The Maine Constitution spells out how each session of the Legislature’s term is structured. Article IV, Part Third, Legislative Power states in Section 1 that, “…the business of the second regular session of the Legislature shall be limited to budgetary matters; legislation in the Governor’s call; legislation of an emergency nature admitted by the legislature…”

Given that the second regular session is shorter than the first session there are fewer bills that need to be decided. Typically, only the most important or vital bills get voted on. Only those emergent bills, with an impact on Mainer’s lives, will be debated and given their day or moment on the floor of the House and the Senate.

This is serious business and these are serious times … and then you read what is going to be debated this session by this august body in Augusta.

In no particular order here are some of the high, or low lights. The Legislature will seek to ban single-use plastic straws, splash sticks and beverage lid plugs. Sadly, this bill will become law, I would imagine. While I am sure there will be some who breathe a huge sigh of relief over this weighty bill, the only emergency associated with this bill will be how quickly my paper straw becomes softer than an al dente noodle in my spaghetti. Everyone better stock up on plastic straws now. You can get 1,000 for only $15.95 on Amazon.

Next up for our friends under the dome is an act to minimize potentially objectionable license plates. On my long commutes I see a fair number of vanity plates that spell out a number of interesting words or phrases. I used to giggle at the car I used to see with the old-style veteran license plate that read, “AGINA.” Think about that one for a moment and I bet you will giggle too. Bravo.

Anyway, if you are paying a premium price for a vanity license plate should the state tell you what you can and cannot have on the plate? Who cares if it offends someone or not? It is your plate. It is not your neighbors’ plate or that of someone you just passed on the highway. It is yours. I am sure this is really an emergency.

There is a bill that would require the operators of motorized scooters to wear helmets. How has society advanced to the where we are without this bill having been decided before now?

Perhaps this bill should be amended to include the mandatory use of a blinking yellow light affixed above the scooter. What about a siren? Imagine the cacophony inside your local grocer or big box store as these dreadnoughts of the aisles make their way to and fro. If safety is paramount, then let’s go all out.

Not to be forgotten, coal-fired automobiles have taken center stage with several bills. There is a bill that would promote the purchase of electric school buses. They need to promote it heavily because the average cost of an electric bus will set a town back more than $100,000 above the price of a diesel-powered bus. Ouch.

I can see this initiative being really popular up in the County. Not every town up there has an LL Bean to stop at and plug into the local grid. According to one website I looked at, the average electric bus has a top range of about 120 miles and can take up to 8 hours to charge.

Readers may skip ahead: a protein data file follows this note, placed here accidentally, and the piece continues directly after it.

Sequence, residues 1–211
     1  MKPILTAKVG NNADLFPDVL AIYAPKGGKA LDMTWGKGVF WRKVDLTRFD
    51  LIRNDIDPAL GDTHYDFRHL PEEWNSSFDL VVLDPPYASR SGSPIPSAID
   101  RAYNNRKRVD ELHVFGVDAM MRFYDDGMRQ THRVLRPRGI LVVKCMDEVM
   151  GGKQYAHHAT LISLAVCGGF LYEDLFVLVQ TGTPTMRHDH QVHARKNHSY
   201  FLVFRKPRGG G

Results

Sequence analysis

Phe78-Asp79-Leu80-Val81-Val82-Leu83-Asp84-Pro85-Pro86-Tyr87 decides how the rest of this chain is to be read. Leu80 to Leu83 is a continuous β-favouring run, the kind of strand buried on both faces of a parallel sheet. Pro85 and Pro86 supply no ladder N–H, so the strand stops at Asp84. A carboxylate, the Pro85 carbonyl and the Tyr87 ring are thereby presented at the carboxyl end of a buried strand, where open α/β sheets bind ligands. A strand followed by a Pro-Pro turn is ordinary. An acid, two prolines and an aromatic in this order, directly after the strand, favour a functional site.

Guess taking the football team to Bangor is out of the question. Or the game becomes an overnight trip in order to charge up the bus.

There is also a bill aimed at restricting parking in areas reserved for charging electric motor vehicles. I hope the spots are big enough for the electric school buses.

Seriously, wouldn’t it be wiser to protect the parking spots of combustion engine vehicles because we want them to find a spot faster and shut down thereby slowing the release of all of that nasty exhaust? We should have the electric cars orbiting around parking lots looking for a spot because they are not emitting those exhausts. Come on Augusta. Think about this.

My favorite bill, by far, was the act to create a Maine Spaceport Complex. Now I remember reading something about this last year. If memory serves me it was an idea to fund a nearly $200 million venture to launch mini-satellites into space from the old Loring Air Force Base with flight control run out of Brunswick Landing.

I realize that there are a great many people in Augusta who have their heads in the clouds but does anyone really think that this idea is an emergency that needs to be dealt with during this short session? Even more, anyone who was alive during the 1980s might remember Morton Thiokol as a reason why this is a bad idea.

No, this is not your old Uncle Morty who comes over at Thanksgiving. This is the company that caused the Challenger disaster because their rubber O-rings failed. And they failed because they froze in 28-degree temperatures in Florida. If it was too cold to launch in Florida do you think that it will be too cold for many months out of the year to launch in Limestone, Maine?

Some of these ideas are not ready for prime time and they are not emergencies by any definition of the word emergency. Remember these are all “emergency” bills and they are brought to you by the people you sent to Augusta. Think about that when they want your support in November.

Jonathan Crimmins can be reached at [email protected]

Comments are not available on this story.

filed under: